TOWNhouse: New Design Studio is a Destination for All Lovers of Form, Function and Creativity
TOWNhouse is a unique concept space that incorporates furniture, visual art, culinary arts and a place for creatives to gather.
By Linda J. Barkman | Photography By Steve Craft
BACKGROUND: The seed for TOWNhouse started germinating some 20 years ago in Denver, where Eddy Doumas, who had an interior design practice called Worth Interiors, was working with smaller manufacturers and artisans to make custom furniture that wasn’t offered in the mass market. In 2003, he launched TOWN showrooms in Denver to augment his practice, and in 2015 he opened a showroom by the same name in The Scottsdale Design District. “When we brought TOWN to this market, we brought our established brands, many of which were multinational,” he notes. “As TOWN grew and our brands grew, I once again began looking for product that was artistic and not readily available, just as I had as an interior designer. That became my passion project and led to the birth of TOWNhouse.” Once he discovered that three fellow members of the ASU Art Museum Creative Impact Board shared his passion for the arts, the collaboration between Doumas, international art advisor Sarah Roy and culinary expert Mate Borja soon followed. “Over many discussions about our shared interest in creative culture, we decided to create a concept space that we could each lend our unique backgrounds and experience to,” explains Roy.
Founder: Eddy Doumas
Opened: September 2023
Location: 2720 N. 68th St., Suite 1, Scottsdale, AZ 85257
Hours: Mon.-Fri.; 9 a.m.-5 p.m. and by appointment
Phone: (480) 214-4792
CONCEPT: In addition to having an array of unique furniture and international art displayed in the 6,000 square-foot space, another key idea behind the concept of TOWNhouse is having a place where creatives—ranging from architects, artists and designers to chefs, writers, musicians and collectors—can gather and share ideas in an interactive environment. “We want to get away from everyone being on their own island,” says Roy. “We’re bringing in visual art and the culinary arts with the idea that you can live with art in all its forms, from what you sit on to what is on the walls to what you put on the table,” adds Doumas. “It’s the way we live, our lifestyle. It’s our respect for the creative process.” Ideas continue to percolate and include everything from lectures or seminars on various subjects to cooking demonstrations, book signings and curated dinners for small groups of people. “The general public is always welcome to come in and browse and to attend any of our lectures,” Roy adds. “We will also offer the space for private events.”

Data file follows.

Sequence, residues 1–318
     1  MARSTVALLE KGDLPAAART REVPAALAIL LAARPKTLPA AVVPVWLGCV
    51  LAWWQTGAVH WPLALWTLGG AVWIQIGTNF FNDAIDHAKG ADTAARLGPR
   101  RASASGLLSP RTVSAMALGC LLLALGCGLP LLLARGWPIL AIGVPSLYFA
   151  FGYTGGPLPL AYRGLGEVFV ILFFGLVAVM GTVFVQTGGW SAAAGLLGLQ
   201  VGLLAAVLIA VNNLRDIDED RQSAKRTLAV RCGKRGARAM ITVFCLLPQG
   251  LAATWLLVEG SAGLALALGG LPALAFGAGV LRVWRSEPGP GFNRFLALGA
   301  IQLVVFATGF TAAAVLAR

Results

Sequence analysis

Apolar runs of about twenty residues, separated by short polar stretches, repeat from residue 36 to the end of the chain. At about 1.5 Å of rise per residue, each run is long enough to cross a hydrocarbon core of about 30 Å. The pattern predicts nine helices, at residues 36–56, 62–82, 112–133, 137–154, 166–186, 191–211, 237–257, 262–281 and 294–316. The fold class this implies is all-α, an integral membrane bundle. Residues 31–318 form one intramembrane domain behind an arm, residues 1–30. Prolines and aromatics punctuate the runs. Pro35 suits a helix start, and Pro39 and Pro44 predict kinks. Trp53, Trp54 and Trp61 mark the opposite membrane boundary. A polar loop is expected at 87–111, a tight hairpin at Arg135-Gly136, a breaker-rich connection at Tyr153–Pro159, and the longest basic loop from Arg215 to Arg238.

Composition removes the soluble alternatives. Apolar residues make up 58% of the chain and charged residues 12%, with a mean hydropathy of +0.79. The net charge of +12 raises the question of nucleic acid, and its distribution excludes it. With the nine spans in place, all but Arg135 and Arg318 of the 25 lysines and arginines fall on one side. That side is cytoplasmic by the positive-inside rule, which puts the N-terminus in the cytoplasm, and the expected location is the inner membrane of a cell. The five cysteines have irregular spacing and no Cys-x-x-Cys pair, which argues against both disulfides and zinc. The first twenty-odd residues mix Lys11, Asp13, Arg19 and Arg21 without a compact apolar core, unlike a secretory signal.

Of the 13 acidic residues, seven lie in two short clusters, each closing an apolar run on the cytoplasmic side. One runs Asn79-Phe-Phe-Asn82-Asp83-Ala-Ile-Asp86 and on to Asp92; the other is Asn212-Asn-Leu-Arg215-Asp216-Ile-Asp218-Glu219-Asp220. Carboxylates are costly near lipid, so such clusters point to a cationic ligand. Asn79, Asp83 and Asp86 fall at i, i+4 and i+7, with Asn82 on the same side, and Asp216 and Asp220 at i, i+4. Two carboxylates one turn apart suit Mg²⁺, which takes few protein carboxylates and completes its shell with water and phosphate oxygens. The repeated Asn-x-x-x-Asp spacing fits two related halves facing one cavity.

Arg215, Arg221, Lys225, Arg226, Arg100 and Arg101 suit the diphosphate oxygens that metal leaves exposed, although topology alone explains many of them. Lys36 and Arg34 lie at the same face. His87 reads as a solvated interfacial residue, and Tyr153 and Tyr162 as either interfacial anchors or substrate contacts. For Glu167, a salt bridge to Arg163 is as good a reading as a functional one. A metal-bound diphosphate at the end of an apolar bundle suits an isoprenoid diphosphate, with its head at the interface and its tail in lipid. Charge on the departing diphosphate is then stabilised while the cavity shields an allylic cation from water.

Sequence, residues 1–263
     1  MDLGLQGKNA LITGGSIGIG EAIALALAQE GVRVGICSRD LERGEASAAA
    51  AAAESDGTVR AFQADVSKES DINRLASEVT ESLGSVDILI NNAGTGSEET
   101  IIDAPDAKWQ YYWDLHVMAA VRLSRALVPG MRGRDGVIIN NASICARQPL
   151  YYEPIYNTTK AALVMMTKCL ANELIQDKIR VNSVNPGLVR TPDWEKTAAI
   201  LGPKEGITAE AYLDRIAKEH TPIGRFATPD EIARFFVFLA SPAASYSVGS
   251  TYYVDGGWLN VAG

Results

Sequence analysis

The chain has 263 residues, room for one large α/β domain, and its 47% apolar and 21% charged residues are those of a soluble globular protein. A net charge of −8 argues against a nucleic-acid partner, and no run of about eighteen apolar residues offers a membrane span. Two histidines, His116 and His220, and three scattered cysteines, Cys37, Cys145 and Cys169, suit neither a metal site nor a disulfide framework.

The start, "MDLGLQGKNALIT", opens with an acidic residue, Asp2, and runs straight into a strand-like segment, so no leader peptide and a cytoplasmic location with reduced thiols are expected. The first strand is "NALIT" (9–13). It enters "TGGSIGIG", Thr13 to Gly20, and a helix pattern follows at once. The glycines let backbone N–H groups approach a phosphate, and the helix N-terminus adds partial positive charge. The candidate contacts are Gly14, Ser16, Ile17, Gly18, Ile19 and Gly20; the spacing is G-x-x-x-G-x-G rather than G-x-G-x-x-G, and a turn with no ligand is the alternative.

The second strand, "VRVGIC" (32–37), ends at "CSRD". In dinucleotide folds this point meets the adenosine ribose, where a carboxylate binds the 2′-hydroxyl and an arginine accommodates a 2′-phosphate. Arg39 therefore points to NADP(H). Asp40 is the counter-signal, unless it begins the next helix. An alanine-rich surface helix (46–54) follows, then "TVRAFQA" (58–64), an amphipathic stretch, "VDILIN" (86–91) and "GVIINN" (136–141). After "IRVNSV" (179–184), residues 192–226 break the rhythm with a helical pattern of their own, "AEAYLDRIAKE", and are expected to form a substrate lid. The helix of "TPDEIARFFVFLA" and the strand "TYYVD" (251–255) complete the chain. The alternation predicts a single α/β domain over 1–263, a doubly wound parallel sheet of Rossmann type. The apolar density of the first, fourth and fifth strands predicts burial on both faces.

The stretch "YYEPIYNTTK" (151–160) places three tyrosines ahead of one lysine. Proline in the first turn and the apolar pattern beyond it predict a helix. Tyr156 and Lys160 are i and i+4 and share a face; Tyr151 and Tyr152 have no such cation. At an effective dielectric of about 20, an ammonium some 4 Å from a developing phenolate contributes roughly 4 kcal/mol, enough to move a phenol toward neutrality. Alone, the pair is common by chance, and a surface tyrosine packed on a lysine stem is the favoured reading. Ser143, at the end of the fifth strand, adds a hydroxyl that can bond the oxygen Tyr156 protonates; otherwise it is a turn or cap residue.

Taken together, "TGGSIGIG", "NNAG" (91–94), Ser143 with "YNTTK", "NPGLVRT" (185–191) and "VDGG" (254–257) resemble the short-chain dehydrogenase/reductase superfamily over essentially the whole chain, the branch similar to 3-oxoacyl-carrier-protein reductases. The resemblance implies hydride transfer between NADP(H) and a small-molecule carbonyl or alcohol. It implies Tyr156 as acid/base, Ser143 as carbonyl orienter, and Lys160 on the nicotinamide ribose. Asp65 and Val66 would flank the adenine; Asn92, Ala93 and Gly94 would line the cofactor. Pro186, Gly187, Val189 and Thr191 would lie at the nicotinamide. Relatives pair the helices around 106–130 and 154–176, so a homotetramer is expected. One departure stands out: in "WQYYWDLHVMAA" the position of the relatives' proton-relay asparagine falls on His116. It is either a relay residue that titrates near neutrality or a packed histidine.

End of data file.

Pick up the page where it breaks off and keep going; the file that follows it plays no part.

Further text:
PHILOSOPHY: “In a nutshell, TOWNhouse celebrates the creative process with work from creatives who have influenced what is happening in the world today as well as emerging artists,” Doumas describes.
INSPIRATION: “For me, it’s a moving target,” Doumas says. “Every day I’m inspired by something different. It’s all about how you observe the world and what you make of it. Like me, Sarah and Mate also have a hunger to learn; we learn something new every day.”
WHAT’S IN STORE: Along with a lovingly curated collection of vintage and modern classic-inspired furniture and lighting options, the expansive space showcases fine art as well as decor pieces ranging from tabletop sculptures to hand-blown ceramic vessels from Vietnam and vintage Kosta Boda glass and metal candlesticks from Sweden. “Everything is fluid; we change constantly,” notes Doumas, motioning toward two vintage cars on the floor that have been real
attention-getters. Pointing out another focal point, Roy says they are in the process of putting together a Library of Design Resources. “We want to include books about art, design, culinary ideas and architecture,” she notes. “We’re gathering unique books, old and new, some for sale and some to be perused in the library, including catalogs from European galleries and institutions.” The library anchors the free-flowing space on one end of the building while a working kitchen, complete with a cooking island to be used for culinary demonstrations and a place to gather, anchors it on the back wall.
WHAT’S AHEAD: “My long-term goal is to take our concept to other states and other countries,” Doumas reveals. “What we’re doing here is unique to Arizona, but it can be adapted to cities anywhere in the world. It’s all about getting people together who appreciate the creative process.”